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Psychology Today hit piece labels conspiracy thinking a psychotic illness

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posted on Sep, 5 2009 @ 06:55 PM
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Thirty years ago Psychology Today was a wonderful magazine. Thought-provoking, beautifully illustrated, well-written and based on good research. The last issue I read, probably ten years ago, was just tabloid baloney. skewing everything toward the thrill-seeking lowest common denominator. Being lambasted by Psychology Today probably isn't even an insult.




posted on Sep, 5 2009 @ 07:04 PM
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reply to post by nocensorshipplease
 


Does that "hitpiece" include the conspiracy concerning menstrual cycles? Because I hate them! I hate them! And I demand to know why only women have to suffer through them while men get to give us crazy labels for enduring something they can't conceive of - EVERY MONTH! This is a REAL conspiracy and I want answers.

Besides all that, the word menstrual doesn't even look like a real word.


This has been a demonstration of intentional psychosis for those who don't get it



posted on Sep, 5 2009 @ 07:42 PM
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reply to post by xmotex
 


Which a GREAT MANY do. It's silly. They decry people for being "sheeple" of the MSM then buy wholy anything that comes out through sites like Infowars.com. It's funny at times. Annoying the rest.



posted on Sep, 5 2009 @ 07:43 PM
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reply to post by Hazelnut
 


Someone has to bear the children. We aren't egglayers.



posted on Sep, 5 2009 @ 07:47 PM
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Hey I wonder. Do you suppose this will be covered under the new Obamacare Health Care Program?



posted on Sep, 5 2009 @ 07:48 PM
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And this seems very plausible to me.

Conspiracy Theories Explained Random events are deeply meaningful to paranoid schizophrenics. Is something happening in their brains?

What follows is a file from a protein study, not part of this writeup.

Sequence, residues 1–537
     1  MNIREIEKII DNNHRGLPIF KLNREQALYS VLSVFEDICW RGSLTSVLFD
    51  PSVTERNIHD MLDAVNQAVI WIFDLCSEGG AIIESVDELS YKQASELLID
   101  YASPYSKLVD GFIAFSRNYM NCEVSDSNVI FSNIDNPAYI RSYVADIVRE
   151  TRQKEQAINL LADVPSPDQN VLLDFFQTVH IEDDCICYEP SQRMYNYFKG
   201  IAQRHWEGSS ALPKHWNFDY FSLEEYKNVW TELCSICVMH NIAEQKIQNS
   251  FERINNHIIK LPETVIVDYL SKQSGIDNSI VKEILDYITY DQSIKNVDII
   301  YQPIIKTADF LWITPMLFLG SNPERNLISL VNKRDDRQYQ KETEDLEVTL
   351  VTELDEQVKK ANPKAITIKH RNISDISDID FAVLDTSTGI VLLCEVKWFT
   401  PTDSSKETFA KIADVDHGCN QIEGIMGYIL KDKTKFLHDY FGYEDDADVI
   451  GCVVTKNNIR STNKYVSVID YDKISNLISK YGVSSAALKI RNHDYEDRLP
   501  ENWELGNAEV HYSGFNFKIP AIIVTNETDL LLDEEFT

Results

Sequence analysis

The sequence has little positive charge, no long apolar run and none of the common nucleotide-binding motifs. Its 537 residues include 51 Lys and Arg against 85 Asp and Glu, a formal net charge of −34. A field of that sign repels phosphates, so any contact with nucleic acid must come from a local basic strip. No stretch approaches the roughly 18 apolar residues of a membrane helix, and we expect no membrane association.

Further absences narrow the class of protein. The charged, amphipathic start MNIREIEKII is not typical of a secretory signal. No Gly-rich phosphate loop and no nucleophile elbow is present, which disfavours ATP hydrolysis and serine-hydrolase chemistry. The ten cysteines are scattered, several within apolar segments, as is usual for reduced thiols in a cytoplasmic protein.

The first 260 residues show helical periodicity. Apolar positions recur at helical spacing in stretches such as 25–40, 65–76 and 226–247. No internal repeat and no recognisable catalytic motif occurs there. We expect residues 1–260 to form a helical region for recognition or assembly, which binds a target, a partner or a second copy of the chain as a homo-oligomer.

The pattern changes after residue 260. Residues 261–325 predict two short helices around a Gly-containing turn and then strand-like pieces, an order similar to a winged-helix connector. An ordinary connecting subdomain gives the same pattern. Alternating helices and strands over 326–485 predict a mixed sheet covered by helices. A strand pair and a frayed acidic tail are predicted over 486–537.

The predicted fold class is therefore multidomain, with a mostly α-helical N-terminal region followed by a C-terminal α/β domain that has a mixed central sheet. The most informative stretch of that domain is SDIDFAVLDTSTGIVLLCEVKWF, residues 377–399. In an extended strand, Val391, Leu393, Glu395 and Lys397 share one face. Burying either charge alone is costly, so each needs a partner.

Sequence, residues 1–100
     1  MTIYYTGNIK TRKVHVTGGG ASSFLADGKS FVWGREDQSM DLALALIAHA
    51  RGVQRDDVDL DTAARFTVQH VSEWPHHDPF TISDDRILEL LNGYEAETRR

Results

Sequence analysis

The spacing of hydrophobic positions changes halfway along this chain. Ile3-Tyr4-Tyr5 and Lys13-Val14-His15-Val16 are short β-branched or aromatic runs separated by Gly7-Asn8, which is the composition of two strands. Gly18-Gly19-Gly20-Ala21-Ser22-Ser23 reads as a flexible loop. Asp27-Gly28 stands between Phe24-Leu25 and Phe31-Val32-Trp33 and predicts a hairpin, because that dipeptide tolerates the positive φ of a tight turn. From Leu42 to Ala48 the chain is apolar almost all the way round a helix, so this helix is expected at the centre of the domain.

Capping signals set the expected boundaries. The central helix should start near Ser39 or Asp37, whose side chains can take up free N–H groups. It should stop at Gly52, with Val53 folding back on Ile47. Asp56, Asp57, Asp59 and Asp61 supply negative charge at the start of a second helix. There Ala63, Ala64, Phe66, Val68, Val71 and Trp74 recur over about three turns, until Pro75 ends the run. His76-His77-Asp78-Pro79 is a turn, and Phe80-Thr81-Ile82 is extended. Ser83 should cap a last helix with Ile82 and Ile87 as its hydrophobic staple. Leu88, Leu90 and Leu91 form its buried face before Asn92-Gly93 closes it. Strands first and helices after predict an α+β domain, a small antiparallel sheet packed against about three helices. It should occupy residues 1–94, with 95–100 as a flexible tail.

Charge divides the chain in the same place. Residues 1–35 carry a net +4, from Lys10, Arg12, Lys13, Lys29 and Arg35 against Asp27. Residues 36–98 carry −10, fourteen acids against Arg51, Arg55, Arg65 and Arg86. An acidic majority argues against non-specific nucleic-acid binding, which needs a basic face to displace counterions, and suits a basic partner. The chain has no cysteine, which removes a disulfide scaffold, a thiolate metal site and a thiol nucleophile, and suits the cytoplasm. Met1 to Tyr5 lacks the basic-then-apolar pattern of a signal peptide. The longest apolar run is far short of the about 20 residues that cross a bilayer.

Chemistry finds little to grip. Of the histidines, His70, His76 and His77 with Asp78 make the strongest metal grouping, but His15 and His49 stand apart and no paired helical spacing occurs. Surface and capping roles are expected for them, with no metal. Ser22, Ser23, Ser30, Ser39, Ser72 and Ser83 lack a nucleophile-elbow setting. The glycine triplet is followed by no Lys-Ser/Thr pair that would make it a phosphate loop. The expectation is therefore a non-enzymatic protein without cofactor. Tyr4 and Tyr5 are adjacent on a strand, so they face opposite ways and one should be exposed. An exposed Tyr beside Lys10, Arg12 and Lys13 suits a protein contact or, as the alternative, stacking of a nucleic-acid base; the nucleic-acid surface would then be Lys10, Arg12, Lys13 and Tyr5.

By Kathleen McGowan, published on November 01, 2004 - last reviewed on February 20, 2007
Paranoid schizophrenics are prone to delusions, tales in which random events become deeply meaningful. Some believe in complex conspiracies; others think they are Jesus Christ.

These stories sound crazy, but they may be the brain's efforts to make sense of its own internal messages, suggests #ij Kapur, professor of psychiatry at the University of Toronto and vice president of research at the Canadian Centre for Addiction and Mental Health. In addition to other brain abnormalities, schizophrenics have too much dopamine. Just as addicts' desensitized dopamine systems make them feel that nothing matters, high levels of the neurotransmitter make schizophrenics believe that everything is significant.

Because the addict's dopamine-driven salience system keeps telling her that something very important is happening, ordinary events appear intensely meaningful. That police car? That song on the radio? That man with a cigarette walking by? They must be part of a massive international conspiracy.

Kapur calls it "biased inductive logic"—a top-down effort to explain the feeling that everything seems important. The cognitive parts of a schizophrenic's brain create the paranoid tale in an effort to explain the constant red alert blaring from the dopamine circuits, using any stimuli available. This is why delusions are culturally appropriate. African schizophrenics may fear they've fallen under the spell of a shaman, while Kapur's patients in Toronto think that the Mounties are after them.



Kapur cautions that this theory is still speculative, but it could support a radical idea: treating schizophrenia with cognitive therapy. If drugs control the overactive dopamine system, patients may then gradually unlearn their delusions.

SOURCE:www.psychologytoday.com...

[edit on 5-9-2009 by Watcher-In-The-Shadows]



posted on Sep, 5 2009 @ 07:55 PM
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reply to post by Watcher-In-The-Shadows
 


Well that was one easy conspiracy to solve.




posted on Sep, 5 2009 @ 08:13 PM
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reply to post by Watcher-In-The-Shadows
 


Call me paranoid but



patients may then gradually unlearn their delusions


Doesn't that sound like brainwashing or brain-wiping.



posted on Sep, 5 2009 @ 08:23 PM
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reply to post by Hazelnut
 


Not particularly. I have noticed a strong tendency of a number of conspiracy theorists that believe their theories based solely on an inability to even acknowledge counter-arguments, discarding any contradictory to their theory information as if it didn't even exist. And I think he means correcting the chemical problem will break them out of this cycle or should I say the bias. Thusly allowing the person to take all available information into account.

[edit on 5-9-2009 by Watcher-In-The-Shadows]



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